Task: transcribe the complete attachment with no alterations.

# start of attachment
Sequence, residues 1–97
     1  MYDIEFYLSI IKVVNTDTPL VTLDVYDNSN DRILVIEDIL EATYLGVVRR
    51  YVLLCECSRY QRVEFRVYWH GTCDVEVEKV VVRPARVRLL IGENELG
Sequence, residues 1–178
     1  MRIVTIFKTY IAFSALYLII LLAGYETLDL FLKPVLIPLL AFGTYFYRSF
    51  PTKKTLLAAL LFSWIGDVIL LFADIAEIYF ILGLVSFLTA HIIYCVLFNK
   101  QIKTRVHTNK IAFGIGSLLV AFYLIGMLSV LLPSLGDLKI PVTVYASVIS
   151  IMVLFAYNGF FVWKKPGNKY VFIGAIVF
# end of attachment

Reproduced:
Sequence, residues 1–97
     1  MYDIEFYLSI IKVVNTDTPL VTLDVYDNSN DRILVIEDIL EATYLGVVRR
    51  YVLLCECSRY QRVEFRVYWH GTCDVEVEKV VVRPARVRLL IGENELG
Sequence, residues 1–178
     1  MRIVTIFKTY IAFSALYLII LLAGYETLDL FLKPVLIPLL AFGTYFYRSF
    51  PTKKTLLAAL LFSWIGDVIL LFADIAEIYF ILGLVSFLTA HIIYCVLFNK
   101  QIKTRVHTNK IAFGIGSLLV AFYLIGMLSV LLPSLGDLKI PVTVYASVIS
   151  IMVLFAYNGF FVWKKPGNKY VFIGAIVF